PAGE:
Loan Guidelines May Not Always Make Sense

Many people are having difficulty with their home loans these days.  Some homeowners are attempting to obtain “loan modifications” that will allow them to repay their loans on terms which will allow them to stay in their homes.  For example, a homeowner with a loan term of 30 years may seek to extend their loan term to 40 years.   Such a modification could have the effect of lowering a homeowner’s monthly payment by extending the term of the repayment.  Other homeowners may be seeking to lower their interest rates, either permanently or temporarily.  Others may be seeking to have the principal amount of their loan reduced.

These efforts have met with mixed success.  Some homeowners actually have succeeded in having their loan balances reduced down to market value.  But these situations seem to be the exception.  Far more homeowners seem to have been able to obtain a reduction in their interest rate.  Lenders are understandably hesitant to reduce loan balances. And some homeowners seem to be unable to obtain any kind of modification at all.

Sometimes it can seem like a lender’s refusal to modify a loan makes no sense.  But in reality, many lenders are faced with the prospect of holding a large number of loans where the homes are worth less than the mortgage loan balances.  Borrower’s situations can be unique, and lenders may find it difficult to commit the resources that would be necessary to effectively process and negotiate each loan modification request in a way that makes the most sense for both the lender and borrower.  In an effort to process large numbers of loan modification requests, the lenders may find it necessary to adopt rather inflexible guidelines, and these guidelines may not always lead to results that yield the most sense for the borrower and the lender.

For example, some homeowners may want to stay in their homes even though their home is worth less than the amount of their loan.  But these same homeowners may find that their lenders claim that a borrower makes too much – or too little – money to meet the lender’s criteria for a loan modification.  If the lender refuses to reduce the loan balance, and also refuses to reduce the interest rate, then the borrower may find it necessary to foreclose or short sell their property.  In a short sale situation, the best result that the lender can hope for is to receive market value for the property.  But market value may be far less than the loan balance.  If the lender approves a short sale, then the lender will receive less than the loan balance.  Borrowers can wonder why the lender won’t simply reduce the loan balance to fair market value.  It seems like it would make sense for the lenders to reduce loan balances to market value because the lenders only receive market value if the property is sold through foreclosure or short sale.  But even though it might make sense in some situations, lenders seem to be hesitant to reduce most loan balances to the market value of the property.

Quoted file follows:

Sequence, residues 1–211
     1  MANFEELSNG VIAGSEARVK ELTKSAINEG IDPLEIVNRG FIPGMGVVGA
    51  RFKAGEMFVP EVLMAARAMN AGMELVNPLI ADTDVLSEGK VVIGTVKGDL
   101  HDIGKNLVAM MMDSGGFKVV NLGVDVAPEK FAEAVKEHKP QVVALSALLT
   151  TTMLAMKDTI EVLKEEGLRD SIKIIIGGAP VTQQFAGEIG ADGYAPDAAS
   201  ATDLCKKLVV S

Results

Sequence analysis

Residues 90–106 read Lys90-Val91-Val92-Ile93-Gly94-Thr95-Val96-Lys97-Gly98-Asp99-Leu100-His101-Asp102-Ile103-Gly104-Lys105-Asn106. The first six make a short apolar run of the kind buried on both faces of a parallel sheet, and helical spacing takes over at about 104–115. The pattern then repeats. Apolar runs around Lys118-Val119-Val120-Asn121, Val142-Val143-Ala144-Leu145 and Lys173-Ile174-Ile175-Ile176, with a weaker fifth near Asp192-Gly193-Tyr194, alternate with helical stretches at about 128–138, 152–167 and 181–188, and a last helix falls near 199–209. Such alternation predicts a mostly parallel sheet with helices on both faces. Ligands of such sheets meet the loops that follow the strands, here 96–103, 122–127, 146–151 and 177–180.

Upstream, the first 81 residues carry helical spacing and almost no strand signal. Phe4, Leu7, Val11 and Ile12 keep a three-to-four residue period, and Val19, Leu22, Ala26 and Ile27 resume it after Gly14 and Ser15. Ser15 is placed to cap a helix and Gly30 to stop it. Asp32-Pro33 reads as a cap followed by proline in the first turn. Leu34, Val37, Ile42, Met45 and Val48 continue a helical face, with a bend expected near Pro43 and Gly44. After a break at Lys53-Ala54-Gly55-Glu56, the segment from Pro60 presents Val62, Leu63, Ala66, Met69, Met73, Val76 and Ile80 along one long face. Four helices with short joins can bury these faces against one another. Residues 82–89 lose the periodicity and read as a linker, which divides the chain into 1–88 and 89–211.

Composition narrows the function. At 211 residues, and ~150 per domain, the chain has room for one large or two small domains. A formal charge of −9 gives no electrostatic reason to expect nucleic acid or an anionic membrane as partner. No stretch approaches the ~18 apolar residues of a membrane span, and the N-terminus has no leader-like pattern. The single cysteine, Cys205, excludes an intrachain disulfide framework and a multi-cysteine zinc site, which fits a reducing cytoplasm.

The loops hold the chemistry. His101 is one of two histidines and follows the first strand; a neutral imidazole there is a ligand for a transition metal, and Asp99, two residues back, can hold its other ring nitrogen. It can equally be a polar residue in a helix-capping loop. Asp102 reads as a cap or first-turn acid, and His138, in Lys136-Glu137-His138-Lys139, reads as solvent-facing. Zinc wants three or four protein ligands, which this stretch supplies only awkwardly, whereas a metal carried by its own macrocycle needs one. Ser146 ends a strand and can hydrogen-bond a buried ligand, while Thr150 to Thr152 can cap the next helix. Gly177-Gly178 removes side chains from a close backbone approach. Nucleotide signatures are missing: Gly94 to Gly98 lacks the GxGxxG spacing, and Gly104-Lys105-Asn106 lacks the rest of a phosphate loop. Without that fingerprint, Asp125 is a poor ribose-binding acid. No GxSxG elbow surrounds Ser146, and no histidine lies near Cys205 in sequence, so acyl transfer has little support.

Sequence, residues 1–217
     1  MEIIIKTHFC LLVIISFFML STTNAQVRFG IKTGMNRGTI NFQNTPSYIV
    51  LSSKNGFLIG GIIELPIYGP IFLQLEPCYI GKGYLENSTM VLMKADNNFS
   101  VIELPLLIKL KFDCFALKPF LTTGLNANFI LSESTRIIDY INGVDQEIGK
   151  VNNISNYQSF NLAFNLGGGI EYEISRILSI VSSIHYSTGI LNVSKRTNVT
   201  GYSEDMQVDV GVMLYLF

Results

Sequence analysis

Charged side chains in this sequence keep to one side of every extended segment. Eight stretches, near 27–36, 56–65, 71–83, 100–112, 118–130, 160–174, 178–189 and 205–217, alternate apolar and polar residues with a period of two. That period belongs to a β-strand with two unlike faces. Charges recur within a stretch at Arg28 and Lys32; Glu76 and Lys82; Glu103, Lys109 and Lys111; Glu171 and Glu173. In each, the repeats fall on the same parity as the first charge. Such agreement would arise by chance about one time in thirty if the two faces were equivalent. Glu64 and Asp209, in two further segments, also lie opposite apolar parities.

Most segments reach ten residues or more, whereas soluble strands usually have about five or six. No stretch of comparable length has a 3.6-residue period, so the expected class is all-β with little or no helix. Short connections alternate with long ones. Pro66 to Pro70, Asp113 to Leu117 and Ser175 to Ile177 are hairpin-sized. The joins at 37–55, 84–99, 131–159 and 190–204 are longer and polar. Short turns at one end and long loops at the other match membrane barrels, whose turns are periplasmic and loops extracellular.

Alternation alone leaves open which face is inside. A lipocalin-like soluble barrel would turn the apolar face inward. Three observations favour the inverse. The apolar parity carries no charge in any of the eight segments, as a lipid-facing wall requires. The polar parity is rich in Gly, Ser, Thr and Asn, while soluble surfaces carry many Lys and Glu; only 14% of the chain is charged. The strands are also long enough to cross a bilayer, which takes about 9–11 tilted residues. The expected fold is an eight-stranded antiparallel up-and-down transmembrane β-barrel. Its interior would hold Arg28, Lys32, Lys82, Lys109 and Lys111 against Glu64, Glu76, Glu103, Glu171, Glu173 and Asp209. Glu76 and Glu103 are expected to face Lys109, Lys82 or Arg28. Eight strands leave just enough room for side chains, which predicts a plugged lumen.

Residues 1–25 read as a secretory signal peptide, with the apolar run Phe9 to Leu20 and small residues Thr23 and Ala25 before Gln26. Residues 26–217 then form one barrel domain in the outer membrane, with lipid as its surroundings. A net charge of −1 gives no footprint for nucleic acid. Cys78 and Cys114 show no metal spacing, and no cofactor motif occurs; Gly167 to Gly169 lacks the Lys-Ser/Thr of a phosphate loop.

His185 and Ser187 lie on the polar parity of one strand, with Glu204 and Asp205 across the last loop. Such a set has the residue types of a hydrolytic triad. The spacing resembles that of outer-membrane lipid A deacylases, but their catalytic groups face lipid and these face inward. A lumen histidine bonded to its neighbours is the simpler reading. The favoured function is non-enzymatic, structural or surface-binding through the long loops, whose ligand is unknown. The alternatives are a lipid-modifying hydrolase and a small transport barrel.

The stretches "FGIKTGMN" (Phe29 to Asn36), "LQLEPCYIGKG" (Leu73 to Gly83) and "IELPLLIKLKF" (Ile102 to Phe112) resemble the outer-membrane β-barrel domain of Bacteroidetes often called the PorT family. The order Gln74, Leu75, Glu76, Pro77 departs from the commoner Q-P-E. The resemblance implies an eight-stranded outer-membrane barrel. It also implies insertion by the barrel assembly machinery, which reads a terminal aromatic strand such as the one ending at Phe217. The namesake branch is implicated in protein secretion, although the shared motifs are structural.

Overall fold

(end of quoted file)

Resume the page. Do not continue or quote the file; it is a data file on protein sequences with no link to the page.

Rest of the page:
The most sensible and logical result may not always be the most available result.  In some ways, this is similar to my daughter’s driving situation.  Some time ago my daughter received a commercial driver’s license.  She planned to drive a fifty passenger motor coach bus one summer.  This is a bus that is forty or forty-five feet long, and weights thirteen tons.  This bus has 8 wheels, and each wheel is nearly as tall as I am.  It’s a formidable vehicle.  After extensive training, she finally received a state-approved commercial driver’s license that allowed her to drive such a vehicle on any road, highway or freeway in the United States.   Her license was granted to her because she demonstrated that she possesses the necessary skill, training and expertise to safely and properly operate such an enormous vehicle on public roads.  Presumably the Department of Motor Vehicles and the State believes she also possesses the necessary judgment and maturity to operate such a vehicle.

At the same time, my daughter was unable to operate a rented two-door subcompact economy car that seats four or five passengers.  Why was that?  Because she was less than 25 years old.  And due to some car rental company guidelines, she was presumed to lack the sufficient skill, training, judgment and maturity to safely and responsibly operate such a vehicle.  I find it interesting that on the one hand she was fully and legally qualified to safeguard and protect the well-being of 50 passengers, plus herself, plus untold motorists and pedestrians while she operated one of the largest vehicles on the road, but at the same time she was deemed to lack the necessary skill, maturity and expertise to responsibly operate a rented subcompact two-door coupe.  These two perspectives on my daughter’s ability are completely inconsistent, and yet they exist.  On one hand, this makes no sense.  But the reality is that she is subject to car rental guidelines which have been prepared for addressing a large number of potential car renters, and these guidelines aren’t specifically tailored to individual situations.   In other words, guidelines don’t have to make sense in a given situation – they just have to be what they are.

Copyright 2017 ROBERT B. JACOBS